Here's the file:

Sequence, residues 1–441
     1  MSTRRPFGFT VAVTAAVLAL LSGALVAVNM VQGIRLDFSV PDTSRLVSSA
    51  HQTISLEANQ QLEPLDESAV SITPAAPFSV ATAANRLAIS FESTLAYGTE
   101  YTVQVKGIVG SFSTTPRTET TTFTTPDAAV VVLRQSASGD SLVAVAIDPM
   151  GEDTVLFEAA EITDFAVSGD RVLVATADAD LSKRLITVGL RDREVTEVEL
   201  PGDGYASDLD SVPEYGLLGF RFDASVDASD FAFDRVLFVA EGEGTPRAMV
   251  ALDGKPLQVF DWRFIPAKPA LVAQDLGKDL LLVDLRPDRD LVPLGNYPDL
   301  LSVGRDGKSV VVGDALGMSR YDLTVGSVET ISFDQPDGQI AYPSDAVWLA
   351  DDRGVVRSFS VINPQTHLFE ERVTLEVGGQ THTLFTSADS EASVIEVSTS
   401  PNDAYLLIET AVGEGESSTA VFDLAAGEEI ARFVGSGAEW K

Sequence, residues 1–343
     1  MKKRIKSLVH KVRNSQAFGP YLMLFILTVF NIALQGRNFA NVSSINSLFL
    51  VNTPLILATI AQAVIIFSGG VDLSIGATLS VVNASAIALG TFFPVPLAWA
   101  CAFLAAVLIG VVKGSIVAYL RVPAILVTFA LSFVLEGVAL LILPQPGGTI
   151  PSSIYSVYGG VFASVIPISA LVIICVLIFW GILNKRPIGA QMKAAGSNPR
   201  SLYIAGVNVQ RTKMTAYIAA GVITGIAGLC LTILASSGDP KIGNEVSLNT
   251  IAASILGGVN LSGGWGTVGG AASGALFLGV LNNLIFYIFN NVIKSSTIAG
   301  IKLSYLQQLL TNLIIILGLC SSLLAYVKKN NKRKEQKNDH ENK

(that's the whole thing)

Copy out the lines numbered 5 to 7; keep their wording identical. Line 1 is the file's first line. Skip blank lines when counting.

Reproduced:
   151  GEDTVLFEAA EITDFAVSGD RVLVATADAD LSKRLITVGL RDREVTEVEL
   201  PGDGYASDLD SVPEYGLLGF RFDASVDASD FAFDRVLFVA EGEGTPRAMV
   251  ALDGKPLQVF DWRFIPAKPA LVAQDLGKDL LLVDLRPDRD LVPLGNYPDL